Sensitivity of on-skin thermometry to detecting dermal dehydration

Edward Sun, Jun Ma, Srinivasa Salapaka, Sanjiv Sinha

Research output: Contribution to journalArticlepeer-review


The recent development of flexible sensors that can measure temperatures at the surface of the skin opens novel possibilities for continuous health monitoring. Here, we investigate such sensors as 3x thermometers to noninvasively detect deep dermal dehydration. Using numerical simulations, we calculate the temperature rise at the sensor at heating frequencies from 10 mHz to 10 Hz at varying levels of dehydration. The heating power in each case is limited to avoid burn injury. Our results indicate that 10-100 mHz frequencies are necessary to detect deep dermal dehydration. We show that the root-mean-square difference in temperature rise between normal and dermally dehydrated skin can be as high as 250 mK, which is detectable using lock-in techniques. Thermal contact resistance between the sensor and skin can dominate the signal when the resistance exceeds 10-3 Km2/W. This work provides quantitative limits for sensing human dehydration using noninvasive sensors that measure the thermal conductivity of the skin structure.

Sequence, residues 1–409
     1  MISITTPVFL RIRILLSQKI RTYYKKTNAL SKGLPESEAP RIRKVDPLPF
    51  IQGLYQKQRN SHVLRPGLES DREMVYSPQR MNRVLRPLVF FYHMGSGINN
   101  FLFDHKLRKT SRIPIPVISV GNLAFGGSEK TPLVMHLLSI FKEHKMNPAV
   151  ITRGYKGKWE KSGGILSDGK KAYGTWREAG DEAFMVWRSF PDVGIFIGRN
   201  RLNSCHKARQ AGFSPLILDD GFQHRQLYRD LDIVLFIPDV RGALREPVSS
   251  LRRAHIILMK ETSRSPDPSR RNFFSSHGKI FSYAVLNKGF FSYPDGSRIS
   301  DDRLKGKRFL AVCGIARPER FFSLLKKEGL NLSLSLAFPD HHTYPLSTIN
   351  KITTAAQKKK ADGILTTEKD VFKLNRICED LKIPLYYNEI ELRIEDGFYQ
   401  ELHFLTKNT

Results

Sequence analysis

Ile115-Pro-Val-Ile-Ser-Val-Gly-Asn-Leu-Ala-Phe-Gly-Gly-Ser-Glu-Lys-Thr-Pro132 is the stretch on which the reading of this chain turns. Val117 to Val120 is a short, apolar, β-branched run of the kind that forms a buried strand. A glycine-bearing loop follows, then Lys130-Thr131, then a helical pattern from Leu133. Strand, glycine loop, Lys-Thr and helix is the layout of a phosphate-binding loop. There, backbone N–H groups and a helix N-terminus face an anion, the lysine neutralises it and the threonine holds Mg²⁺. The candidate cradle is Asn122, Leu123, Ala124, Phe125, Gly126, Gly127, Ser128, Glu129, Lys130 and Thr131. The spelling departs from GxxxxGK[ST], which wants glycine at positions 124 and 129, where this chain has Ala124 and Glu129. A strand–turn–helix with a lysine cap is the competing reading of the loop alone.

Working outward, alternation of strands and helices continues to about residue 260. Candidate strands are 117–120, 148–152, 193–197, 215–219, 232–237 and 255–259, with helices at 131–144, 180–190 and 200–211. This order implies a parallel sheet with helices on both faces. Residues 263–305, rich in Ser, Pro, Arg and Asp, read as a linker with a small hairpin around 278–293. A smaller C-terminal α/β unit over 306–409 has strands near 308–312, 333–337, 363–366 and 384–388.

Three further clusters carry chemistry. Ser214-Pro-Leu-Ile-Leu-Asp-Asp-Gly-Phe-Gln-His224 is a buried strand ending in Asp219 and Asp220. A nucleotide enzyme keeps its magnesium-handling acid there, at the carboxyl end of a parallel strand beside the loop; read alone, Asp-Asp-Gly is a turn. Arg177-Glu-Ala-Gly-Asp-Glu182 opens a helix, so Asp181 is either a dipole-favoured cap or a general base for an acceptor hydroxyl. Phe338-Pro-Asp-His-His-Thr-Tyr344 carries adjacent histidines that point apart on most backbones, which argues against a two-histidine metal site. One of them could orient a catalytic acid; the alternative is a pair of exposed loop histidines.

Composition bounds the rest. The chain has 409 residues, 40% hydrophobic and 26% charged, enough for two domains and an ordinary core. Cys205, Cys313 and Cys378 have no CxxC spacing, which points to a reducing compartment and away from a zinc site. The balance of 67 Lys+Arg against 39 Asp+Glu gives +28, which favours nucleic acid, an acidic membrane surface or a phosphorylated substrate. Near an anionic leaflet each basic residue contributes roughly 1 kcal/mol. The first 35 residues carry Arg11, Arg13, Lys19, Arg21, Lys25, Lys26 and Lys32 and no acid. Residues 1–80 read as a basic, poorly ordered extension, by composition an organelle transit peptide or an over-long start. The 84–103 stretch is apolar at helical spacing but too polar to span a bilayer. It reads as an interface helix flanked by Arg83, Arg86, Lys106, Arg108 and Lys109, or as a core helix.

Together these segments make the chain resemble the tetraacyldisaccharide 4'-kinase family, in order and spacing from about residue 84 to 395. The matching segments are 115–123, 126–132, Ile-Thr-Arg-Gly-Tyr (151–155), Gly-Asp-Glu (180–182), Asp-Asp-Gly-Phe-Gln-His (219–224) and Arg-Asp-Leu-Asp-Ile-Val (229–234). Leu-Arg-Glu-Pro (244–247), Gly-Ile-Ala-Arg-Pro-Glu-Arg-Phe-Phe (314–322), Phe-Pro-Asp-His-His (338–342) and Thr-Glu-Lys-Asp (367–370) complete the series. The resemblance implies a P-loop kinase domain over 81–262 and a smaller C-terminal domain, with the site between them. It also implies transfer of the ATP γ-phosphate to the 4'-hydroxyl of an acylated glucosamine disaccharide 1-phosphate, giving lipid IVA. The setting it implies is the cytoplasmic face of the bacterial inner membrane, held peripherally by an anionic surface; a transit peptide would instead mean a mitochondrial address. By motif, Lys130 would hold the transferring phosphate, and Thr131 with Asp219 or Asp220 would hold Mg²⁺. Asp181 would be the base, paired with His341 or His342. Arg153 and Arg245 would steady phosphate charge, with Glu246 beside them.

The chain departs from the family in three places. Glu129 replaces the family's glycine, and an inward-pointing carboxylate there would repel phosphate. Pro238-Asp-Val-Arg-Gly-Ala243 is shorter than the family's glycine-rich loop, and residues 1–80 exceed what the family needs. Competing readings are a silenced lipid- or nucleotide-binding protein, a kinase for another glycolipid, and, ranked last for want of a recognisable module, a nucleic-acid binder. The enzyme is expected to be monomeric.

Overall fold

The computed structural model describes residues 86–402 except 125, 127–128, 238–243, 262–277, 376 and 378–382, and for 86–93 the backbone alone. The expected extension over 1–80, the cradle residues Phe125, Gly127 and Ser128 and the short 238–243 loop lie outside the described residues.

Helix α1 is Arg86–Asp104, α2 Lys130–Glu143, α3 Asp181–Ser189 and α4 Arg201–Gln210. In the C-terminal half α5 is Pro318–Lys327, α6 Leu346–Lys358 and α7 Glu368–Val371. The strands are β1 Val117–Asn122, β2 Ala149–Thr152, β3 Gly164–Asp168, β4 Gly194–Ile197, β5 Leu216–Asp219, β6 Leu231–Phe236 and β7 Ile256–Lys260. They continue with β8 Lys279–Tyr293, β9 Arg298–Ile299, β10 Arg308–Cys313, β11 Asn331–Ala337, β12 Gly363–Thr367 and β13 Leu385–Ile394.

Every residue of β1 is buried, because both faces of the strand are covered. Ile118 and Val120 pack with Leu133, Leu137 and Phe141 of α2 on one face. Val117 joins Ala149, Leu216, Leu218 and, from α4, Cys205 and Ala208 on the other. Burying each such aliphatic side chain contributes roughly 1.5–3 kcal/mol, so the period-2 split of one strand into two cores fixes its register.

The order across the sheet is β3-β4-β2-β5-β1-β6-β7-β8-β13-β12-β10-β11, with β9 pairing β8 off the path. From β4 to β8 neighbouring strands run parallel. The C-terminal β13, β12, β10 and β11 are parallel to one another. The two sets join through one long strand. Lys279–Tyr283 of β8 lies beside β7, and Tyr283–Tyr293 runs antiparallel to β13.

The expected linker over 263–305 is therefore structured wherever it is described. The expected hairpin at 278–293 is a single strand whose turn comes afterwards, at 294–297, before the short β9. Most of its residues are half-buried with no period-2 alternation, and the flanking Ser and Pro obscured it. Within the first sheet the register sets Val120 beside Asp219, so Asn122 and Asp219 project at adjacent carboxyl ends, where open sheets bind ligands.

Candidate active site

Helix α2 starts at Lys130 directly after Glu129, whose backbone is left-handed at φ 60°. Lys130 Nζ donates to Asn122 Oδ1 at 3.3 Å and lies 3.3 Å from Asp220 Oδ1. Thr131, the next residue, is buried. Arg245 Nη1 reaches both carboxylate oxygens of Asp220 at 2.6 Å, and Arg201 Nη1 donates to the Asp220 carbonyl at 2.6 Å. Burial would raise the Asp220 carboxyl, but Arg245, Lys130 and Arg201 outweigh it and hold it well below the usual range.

Original languageEnglish (US)
Article number014501
JournalJournal of Heat Transfer
Issue number1
StatePublished - Jan 1 2019

ASJC Scopus subject areas

  • General Materials Science
  • Condensed Matter Physics
  • Mechanics of Materials
  • Mechanical Engineering


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